In the wake of El Nino ’98

El Nino may be over, but cleaning up the damage it left behind could go on for months and possibly years. A beachfront home along Broad Beach, clobbered by pounding surf, has already been demolished, and a pair of homes on Las Flores Mesa overlooking PCH may be next in line. Caltrans is working to finalize plans to purchase and tear down the two structures, said to be caving in under a landslide. Officials for the agency fear the properties could come crashing down on Pacific Coast Highway, posing a danger to motorists.

The storms of ’98 caused havoc throughout the area, but Calle del Barco and Malibu Road were hardest hit — at least as far as city coffers are concerned. On a long list of needed repairs, the two locations make up what City Manager Harry Peacock calls “the big-ticket items.”

Correcting a slope failure at Calle del Barco is expected to run in excess of $1 million. Along Malibu Road, several storm drains need to be replaced, portions of the roadway need to be repaired and landslides need to be stabilized. Here too, repairs could top $1 million.

As far as private property is concerned, Broad Beach took the biggest beating — with a total of six homes receiving red or yellow tags. The homeowners are now in the process of evaluating whether they can make the necessary repairs. Other red- and yellow-tag designations were handed out on Malibu Road, Villa Costera and on the 20400 block of Pacific Coast Highway.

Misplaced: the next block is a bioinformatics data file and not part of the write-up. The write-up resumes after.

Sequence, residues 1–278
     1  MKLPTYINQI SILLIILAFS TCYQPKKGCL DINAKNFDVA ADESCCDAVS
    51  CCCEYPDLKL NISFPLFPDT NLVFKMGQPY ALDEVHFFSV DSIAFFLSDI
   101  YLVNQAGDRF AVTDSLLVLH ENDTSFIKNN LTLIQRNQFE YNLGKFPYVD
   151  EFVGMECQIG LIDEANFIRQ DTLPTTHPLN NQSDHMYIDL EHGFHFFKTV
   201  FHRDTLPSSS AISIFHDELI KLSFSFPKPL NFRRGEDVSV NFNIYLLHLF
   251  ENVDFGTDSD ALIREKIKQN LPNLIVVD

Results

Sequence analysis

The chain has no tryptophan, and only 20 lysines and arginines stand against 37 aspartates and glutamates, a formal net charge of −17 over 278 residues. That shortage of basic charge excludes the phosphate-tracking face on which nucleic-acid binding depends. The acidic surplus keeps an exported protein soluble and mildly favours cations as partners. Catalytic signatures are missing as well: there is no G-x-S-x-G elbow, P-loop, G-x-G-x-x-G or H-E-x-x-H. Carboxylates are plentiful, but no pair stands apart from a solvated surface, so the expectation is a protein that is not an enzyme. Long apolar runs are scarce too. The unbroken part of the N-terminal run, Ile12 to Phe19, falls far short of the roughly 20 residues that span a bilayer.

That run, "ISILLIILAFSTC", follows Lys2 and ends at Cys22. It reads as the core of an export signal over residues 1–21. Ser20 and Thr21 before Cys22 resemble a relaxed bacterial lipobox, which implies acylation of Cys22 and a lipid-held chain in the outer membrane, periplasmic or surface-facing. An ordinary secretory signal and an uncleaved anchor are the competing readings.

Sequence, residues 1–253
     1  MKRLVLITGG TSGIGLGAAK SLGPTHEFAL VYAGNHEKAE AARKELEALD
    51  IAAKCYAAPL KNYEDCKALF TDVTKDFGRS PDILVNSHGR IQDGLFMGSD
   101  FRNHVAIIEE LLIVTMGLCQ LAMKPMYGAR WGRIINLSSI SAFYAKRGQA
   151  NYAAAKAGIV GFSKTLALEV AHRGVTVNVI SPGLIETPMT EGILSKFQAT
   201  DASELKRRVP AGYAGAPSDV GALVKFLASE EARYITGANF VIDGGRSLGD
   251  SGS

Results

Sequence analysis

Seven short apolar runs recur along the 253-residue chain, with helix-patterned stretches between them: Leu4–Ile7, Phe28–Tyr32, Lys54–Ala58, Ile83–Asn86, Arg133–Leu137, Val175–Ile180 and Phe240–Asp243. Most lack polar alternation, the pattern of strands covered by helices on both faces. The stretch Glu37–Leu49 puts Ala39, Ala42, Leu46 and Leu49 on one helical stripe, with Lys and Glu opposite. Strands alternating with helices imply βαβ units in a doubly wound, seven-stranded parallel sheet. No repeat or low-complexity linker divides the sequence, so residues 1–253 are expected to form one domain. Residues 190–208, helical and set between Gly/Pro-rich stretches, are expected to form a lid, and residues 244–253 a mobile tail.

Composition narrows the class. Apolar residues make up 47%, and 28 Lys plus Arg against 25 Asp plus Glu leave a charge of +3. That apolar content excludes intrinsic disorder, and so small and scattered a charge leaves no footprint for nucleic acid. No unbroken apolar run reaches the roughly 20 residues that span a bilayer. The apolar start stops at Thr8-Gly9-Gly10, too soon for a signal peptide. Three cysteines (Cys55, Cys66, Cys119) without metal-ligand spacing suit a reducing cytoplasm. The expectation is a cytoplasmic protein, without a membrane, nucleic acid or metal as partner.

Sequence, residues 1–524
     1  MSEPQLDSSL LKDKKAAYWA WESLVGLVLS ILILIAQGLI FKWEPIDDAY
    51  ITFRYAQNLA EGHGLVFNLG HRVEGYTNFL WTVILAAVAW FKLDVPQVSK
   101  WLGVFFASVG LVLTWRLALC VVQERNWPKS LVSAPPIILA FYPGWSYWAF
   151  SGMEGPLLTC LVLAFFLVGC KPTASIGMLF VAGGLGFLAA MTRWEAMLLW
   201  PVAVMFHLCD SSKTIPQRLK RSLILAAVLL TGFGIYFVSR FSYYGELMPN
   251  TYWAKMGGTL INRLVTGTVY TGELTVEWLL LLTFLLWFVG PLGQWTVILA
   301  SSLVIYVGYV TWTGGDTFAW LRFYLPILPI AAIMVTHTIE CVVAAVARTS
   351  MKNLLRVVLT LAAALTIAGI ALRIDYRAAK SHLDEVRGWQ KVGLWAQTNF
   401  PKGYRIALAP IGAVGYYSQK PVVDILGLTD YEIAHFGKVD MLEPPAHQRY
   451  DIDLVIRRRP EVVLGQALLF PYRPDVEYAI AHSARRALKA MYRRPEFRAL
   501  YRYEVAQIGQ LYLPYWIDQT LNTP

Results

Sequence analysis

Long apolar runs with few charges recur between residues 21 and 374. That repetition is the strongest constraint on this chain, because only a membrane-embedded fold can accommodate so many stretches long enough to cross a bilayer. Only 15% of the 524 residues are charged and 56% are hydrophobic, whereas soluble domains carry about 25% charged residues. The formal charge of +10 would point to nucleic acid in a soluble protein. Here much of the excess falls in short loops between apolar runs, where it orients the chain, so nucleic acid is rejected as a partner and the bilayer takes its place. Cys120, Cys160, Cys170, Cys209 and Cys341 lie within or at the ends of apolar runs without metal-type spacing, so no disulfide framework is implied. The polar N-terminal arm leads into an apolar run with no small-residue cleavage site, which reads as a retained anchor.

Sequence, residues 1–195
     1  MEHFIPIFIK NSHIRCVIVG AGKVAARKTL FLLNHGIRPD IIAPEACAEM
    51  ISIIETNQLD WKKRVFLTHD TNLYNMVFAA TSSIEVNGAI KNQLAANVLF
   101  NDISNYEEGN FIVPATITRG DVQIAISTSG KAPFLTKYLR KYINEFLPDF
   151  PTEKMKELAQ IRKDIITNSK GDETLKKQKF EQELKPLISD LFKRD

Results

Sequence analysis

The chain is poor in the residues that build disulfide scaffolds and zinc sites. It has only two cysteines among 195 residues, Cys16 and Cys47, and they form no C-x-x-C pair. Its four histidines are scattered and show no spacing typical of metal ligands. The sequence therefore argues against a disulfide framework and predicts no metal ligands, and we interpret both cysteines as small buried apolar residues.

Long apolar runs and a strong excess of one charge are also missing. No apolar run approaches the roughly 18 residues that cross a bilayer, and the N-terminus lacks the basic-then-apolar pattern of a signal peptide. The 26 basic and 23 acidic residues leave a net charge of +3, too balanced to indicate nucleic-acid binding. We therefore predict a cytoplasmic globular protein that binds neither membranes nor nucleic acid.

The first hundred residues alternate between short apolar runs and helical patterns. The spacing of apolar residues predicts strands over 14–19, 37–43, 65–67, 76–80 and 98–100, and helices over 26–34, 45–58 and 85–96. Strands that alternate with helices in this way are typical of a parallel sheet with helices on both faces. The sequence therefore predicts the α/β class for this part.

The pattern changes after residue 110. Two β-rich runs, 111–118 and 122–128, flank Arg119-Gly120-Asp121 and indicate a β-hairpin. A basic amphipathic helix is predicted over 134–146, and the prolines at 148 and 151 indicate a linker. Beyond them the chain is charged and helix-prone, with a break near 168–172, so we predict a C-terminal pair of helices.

According to the city manager’s office, the total for debris removal, emergency response, temporary measures and permanent repairs will add up to $3.65 million. Considering Malibu’s unique vulnerability and compared to other areas, city officials say the area came through fairly well. “It could have been worse,” Peacock observed, “a lot worse. But I’m just glad it’s over.”

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